Kasurinen S, Happo MS, Rönkkö TJ, Orasche J, Jokiniemi J, Kortelainen M, Tissari J, Zimmermann R, Hirvonen MR, Jalava PI (2018) Differences between co-cultures and monocultures in testing the toxicity of particulate matter derived from log wood and pellet combustion. PLoS One 13:e0192453. https://doi.org/10.1371/journal.pone.0192453
Klippel N, Nussbaumer T (2007) Health relevance of particles from wood combustion in comparison to diesel soot. In: 15th European Biomass Conference and Exhibition, Berlin, 7–11 May 2007
Kocbach Bølling A, Pagels J, Yttri KE, Barregard L, Sallsten G, Schwarze PE, Boman C (2009) Health effects of residential wood smoke particles: the importance of combustion conditions and physicochemical particle properties. Part Fibre Toxicol 6:29. https://doi.org/10.1186/1743-8977-6-29
Lai A, Shan M, Deng M, Carter E, Yang X, Baumgartner J, Schauer J (2019) Differences in chemical composition of PM2.5 emissions from traditional versus advanced combustion (semi-gasifier) solid fuel stoves. Chemosphere 233:852–861. https://doi.org/10.1016/j.chemosphere.2019.06.013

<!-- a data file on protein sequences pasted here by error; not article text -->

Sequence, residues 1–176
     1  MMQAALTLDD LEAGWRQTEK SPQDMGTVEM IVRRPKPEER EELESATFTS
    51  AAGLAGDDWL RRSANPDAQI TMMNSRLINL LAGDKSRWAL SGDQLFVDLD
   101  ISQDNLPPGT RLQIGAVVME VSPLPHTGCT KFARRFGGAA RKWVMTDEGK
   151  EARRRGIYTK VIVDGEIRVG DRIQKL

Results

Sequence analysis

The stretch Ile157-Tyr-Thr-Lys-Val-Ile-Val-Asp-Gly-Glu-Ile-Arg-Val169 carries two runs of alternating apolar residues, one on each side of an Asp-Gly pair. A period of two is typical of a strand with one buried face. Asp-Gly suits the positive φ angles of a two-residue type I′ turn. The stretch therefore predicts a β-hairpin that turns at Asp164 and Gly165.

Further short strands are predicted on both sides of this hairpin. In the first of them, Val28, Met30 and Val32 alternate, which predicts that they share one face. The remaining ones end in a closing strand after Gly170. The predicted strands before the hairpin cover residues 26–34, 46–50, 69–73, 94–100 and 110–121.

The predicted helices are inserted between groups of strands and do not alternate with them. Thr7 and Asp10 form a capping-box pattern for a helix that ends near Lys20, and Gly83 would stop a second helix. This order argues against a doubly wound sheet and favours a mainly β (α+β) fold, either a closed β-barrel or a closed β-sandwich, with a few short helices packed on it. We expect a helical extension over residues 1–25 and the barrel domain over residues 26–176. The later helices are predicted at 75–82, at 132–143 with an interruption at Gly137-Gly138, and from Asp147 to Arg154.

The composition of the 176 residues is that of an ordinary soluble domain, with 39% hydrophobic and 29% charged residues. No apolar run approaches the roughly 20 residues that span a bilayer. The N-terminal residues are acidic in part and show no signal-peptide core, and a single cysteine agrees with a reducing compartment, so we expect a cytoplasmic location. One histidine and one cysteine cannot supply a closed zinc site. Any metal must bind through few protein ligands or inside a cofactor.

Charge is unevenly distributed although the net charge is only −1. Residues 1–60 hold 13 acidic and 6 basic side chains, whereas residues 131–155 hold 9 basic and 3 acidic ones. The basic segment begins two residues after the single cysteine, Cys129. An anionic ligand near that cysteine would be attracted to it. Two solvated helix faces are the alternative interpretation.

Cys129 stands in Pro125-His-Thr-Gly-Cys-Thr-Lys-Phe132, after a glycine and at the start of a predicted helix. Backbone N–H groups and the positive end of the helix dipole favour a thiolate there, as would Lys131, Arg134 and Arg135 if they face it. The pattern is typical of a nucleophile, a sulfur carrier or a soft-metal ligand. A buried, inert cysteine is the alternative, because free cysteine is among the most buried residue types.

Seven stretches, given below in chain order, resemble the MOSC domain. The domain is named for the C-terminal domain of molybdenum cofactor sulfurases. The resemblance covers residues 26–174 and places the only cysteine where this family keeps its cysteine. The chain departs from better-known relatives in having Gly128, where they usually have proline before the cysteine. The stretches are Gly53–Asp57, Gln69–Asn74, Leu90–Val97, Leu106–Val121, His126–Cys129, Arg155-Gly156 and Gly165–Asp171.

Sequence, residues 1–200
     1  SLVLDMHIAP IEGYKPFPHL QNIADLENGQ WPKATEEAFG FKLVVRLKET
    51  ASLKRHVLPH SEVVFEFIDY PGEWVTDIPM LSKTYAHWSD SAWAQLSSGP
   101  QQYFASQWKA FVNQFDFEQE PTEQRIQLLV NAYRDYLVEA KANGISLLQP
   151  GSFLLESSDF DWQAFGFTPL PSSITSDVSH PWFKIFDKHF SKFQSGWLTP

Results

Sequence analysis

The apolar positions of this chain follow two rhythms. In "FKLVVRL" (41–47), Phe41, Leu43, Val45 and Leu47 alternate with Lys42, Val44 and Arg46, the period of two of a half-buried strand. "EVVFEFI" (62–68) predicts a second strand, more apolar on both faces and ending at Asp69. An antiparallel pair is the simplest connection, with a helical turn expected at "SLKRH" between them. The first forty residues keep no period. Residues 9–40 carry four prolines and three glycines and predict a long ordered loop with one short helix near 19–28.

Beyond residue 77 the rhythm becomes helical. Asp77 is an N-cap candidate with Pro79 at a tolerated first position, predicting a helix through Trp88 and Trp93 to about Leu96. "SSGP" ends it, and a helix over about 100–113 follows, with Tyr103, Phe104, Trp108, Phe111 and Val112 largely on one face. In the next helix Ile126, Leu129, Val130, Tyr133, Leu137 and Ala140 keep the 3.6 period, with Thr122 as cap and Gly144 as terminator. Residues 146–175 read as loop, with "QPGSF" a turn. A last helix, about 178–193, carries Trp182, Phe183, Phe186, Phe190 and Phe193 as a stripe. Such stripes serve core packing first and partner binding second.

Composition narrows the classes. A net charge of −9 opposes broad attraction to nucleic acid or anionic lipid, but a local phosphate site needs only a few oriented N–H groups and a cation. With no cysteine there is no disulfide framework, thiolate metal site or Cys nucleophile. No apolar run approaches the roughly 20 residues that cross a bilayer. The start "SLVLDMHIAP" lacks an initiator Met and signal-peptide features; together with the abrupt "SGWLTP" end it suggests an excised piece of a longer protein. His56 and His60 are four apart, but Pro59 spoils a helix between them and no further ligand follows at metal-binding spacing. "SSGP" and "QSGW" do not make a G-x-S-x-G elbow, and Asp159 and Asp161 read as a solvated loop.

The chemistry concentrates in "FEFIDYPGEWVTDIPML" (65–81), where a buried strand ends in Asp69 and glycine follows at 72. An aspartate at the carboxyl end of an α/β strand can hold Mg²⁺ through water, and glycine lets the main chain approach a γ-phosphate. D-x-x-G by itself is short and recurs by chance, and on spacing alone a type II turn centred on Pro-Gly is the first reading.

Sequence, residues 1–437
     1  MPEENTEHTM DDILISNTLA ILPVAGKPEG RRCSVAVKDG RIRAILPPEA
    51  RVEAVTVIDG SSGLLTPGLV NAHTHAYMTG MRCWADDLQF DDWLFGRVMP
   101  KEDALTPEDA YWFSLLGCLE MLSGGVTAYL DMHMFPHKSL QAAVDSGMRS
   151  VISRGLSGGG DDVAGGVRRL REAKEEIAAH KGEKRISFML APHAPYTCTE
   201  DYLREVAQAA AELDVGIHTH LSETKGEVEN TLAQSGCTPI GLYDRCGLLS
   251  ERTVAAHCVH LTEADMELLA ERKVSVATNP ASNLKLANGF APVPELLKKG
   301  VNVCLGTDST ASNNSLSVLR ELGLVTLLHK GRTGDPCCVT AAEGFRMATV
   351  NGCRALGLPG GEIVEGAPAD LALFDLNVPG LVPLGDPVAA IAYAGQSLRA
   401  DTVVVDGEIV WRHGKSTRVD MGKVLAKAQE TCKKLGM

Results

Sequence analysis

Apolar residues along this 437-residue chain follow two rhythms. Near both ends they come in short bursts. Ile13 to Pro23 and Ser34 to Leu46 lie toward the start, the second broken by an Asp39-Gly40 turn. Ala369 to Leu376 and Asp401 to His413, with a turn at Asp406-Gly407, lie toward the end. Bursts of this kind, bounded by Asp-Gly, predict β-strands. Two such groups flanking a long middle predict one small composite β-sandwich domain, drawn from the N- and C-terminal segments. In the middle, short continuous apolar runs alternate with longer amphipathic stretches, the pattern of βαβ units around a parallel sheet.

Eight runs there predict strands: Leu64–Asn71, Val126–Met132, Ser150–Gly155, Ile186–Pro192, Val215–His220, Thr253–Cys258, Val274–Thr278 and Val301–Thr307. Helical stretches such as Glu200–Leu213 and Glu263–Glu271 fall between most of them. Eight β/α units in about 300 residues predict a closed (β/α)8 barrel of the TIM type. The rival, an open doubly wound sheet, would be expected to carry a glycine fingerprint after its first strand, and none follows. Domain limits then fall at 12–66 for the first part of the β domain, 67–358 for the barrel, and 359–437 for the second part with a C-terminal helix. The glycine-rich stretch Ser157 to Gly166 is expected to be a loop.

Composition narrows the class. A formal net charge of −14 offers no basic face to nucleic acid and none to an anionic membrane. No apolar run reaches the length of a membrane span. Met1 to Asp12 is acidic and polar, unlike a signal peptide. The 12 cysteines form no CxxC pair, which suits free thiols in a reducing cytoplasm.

Lighty JS, Veranth JM, Sarofim AF (2000) Combustion aerosols: factors governing their size and composition and implications to human health. J Air Waste Manage Assoc 50:1565–1618. https://doi.org/10.1080/10473289.2000.10464197
Lind T, Kauppinen EI, Hokkinen J, Jokiniemi JK, Orjala M, Aurela M, Hillamo R (2006) Effect of chlorine and sulfur on fine particle formation in pilot-scale CFBC of biomass. Energy Fuel 20:61–68. https://doi.org/10.1021/ef050122i
Miller B, Dugwell DR, Kandiyoti R (2003) The influence of injected HCl and SO2 on the behavior of trace elements during wood-bark combustion. Energy Fuel 17:1382–1391. https://doi.org/10.1021/ef030020x
Nyström R, Lindgren R, Avagyan R, Westerholm R, Lundstedt S, Boman C (2017) Influence of wood species and burning conditions on particle emission characteristics in a residential wood stove. Energy Fuel 31:5514–5524. https://doi.org/10.1021/acs.energyfuels.6b02751